1. What drives your environmental work and activism?
The belief that everyone deserves to live and flourish on a healthy, thriving planet including future generations to come.
2. What was one of your most exciting and rewarding achievements?
Completing my Climate Corps Fellowship with the Los Angeles Community College District. I learned so much about connecting with different stakeholders to help them identify effective climate action strategies and built really meaningful relationships along the way.
3. What are your favorite and frequently visited climate or news sites, and why?
My personal favorites for climate news are The Guardian, Grist, Vox, Resources for the Future, and Sammy Roth’s Boiling Point newsletter for the L.A. Times. They all provide digestible and engaging content about complex climate crisis issues and how they intersect with other social and political problems we face.
4. What is a tip you’d like to share for leading a more sustainable life?
I’d say try finding the most sustainable way for you to be sustainable. Identify actions for yourself that are easy, free/save money, and that you enjoy so you’re able to keep them up in the long run. Dr. Ayana Elizabeth Johnson, founder of the Urban Ocean Lab think tank to help coastal cities adapt to climate change, cohost of the podcast How to Save a Planet, co-founder of the All We Can Save Project, and one of my personal heroes, created this really great graphic back in March of this year designed to help anyone get started with taking climate action:
We all have a part to play (some greatly more so than others), so find one consistent practice you feel benefits both you and the planet, and then go from there!
5. Please share a personal story that ties in with one of the Reserve’s protocol sectors (ie story about your experiences composting, enjoying a forest, milking cows, recycling your refrigerator, mining coal)
I’m very fortunate to live in one of the areas of L.A. with robust tree cover. Tree cover in L.A. County is fairly uneven between neighborhoods and cities because of historic public policies, like redlining, that diverted public investment away from many communities and resulted in infrastructure equity issues that we still grapple with today. I take walks through my neighborhood daily to stay, you know, sane, and the trees that line the paths I take play a big part in that. Urban tree cover has been shown to provide not only ecological benefits to neighborhoods (including but not limited to improving air quality, reducing the urban heat island effect, and decreasing energy use), but has also been linked to providing strong social and psychological benefits for neighborhood residents as well. Everyone deserves access to the benefits that trees provide and to nature in general, so I’ve always really admired urban tree planting efforts.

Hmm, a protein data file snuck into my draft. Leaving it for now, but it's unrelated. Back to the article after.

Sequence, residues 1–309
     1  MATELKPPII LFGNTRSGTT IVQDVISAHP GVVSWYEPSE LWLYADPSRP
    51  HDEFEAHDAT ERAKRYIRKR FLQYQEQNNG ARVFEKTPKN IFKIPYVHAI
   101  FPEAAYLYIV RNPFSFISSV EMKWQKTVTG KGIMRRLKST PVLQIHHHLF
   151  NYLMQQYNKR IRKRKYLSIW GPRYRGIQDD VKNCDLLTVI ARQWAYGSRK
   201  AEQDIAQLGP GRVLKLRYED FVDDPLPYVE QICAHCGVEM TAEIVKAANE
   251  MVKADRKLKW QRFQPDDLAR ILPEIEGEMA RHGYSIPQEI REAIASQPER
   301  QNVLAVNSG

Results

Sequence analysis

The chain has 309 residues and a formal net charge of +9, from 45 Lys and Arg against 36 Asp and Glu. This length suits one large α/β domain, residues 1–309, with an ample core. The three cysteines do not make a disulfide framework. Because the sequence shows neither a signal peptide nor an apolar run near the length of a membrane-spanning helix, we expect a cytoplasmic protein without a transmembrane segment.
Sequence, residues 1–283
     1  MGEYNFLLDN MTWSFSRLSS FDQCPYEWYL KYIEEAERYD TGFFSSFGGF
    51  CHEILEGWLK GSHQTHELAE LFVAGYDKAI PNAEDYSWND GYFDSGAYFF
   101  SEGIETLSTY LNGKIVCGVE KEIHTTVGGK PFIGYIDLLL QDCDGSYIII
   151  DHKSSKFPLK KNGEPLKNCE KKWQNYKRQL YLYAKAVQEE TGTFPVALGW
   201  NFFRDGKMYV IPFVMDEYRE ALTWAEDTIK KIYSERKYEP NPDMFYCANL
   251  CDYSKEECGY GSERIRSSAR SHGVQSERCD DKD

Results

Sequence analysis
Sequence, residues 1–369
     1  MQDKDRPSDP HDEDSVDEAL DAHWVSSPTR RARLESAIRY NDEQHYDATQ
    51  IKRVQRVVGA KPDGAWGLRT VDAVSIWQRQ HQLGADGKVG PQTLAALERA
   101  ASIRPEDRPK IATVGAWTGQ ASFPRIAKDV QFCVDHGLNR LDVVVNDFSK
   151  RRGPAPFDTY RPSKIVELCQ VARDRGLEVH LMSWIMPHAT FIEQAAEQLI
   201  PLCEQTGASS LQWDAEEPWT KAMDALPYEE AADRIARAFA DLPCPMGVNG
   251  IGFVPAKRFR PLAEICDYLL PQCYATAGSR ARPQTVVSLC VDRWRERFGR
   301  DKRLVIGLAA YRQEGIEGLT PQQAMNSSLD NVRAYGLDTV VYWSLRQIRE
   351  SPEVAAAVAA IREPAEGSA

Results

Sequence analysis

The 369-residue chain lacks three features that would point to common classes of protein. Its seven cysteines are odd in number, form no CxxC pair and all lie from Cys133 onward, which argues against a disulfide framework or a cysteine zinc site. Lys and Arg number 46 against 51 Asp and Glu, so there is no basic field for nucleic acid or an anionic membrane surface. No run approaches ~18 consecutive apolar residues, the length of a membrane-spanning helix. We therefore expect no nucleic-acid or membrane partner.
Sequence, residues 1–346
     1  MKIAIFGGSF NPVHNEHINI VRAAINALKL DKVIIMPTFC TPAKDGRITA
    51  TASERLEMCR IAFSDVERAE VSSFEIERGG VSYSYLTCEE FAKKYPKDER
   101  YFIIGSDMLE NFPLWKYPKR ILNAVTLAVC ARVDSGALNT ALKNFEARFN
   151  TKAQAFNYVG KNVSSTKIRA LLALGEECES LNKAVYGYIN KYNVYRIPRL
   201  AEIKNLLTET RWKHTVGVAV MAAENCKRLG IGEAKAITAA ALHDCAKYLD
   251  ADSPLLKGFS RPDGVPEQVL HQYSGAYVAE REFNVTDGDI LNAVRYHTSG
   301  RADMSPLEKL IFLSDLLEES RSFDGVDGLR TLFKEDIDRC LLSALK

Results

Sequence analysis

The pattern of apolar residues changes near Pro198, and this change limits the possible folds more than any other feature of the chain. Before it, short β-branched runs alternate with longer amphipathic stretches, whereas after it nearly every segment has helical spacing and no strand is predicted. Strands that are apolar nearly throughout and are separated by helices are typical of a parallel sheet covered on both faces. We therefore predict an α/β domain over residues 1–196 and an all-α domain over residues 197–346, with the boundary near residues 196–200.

6. What is your opinion on the progress of climate policy and carbon markets (any level, intl, federal, state etc)?
Lots of work needs to be done quickly at every scale to protect vulnerable communities from the first and worst impacts of climate disaster, on both the climate change mitigation and adaptation fronts. We’re far behind where we need to be on climate policy to address these issues and are now seeing and feeling the detrimental impacts of entering a climate crisis unprepared. We still have time to get it right if we act with urgency and seriousness, and especially need those actors who have contributed most to the creation of climate crisis to be accountable for the role they have to play in reducing global emissions.
7. If you could spend one week in a natural area in the U.S., where would it be?
I’m dying to go check out Olympic National Park in Washington.
8. What is an environmental book that you think should be required reading in schools?
“Dumping in Dixie” by Dr. Robert Bullard.
9. What is your favorite meal?
I am super lactose intolerant, but it’s mac ‘n cheese for sure. Worth it.
10. What emerging opportunities in climate / carbon excites you the most?
Saving the planet and having a place to live !
11. What is something you’d like to achieve during your first year with the Reserve?
I’m excited to learn about the protocol development and approval processes for new methodologies—definitely hoping I’ll get to participate in both!
12. What are some of your favorite books/movies/tv shows/podcasts etc?
I love all things paranormal and true crime—especially when they’re mixed in with a healthy dose comedic relief. My favorite show is “What We Do in the Shadows” (the movie is killer too) which is a comedy about a house of vampires living in modern day Staten Island, N.Y. Favorite podcasts include “And That’s Why We Drink”, which is a comedy podcast about all things paranormal and true crime, and most anything from Parcast.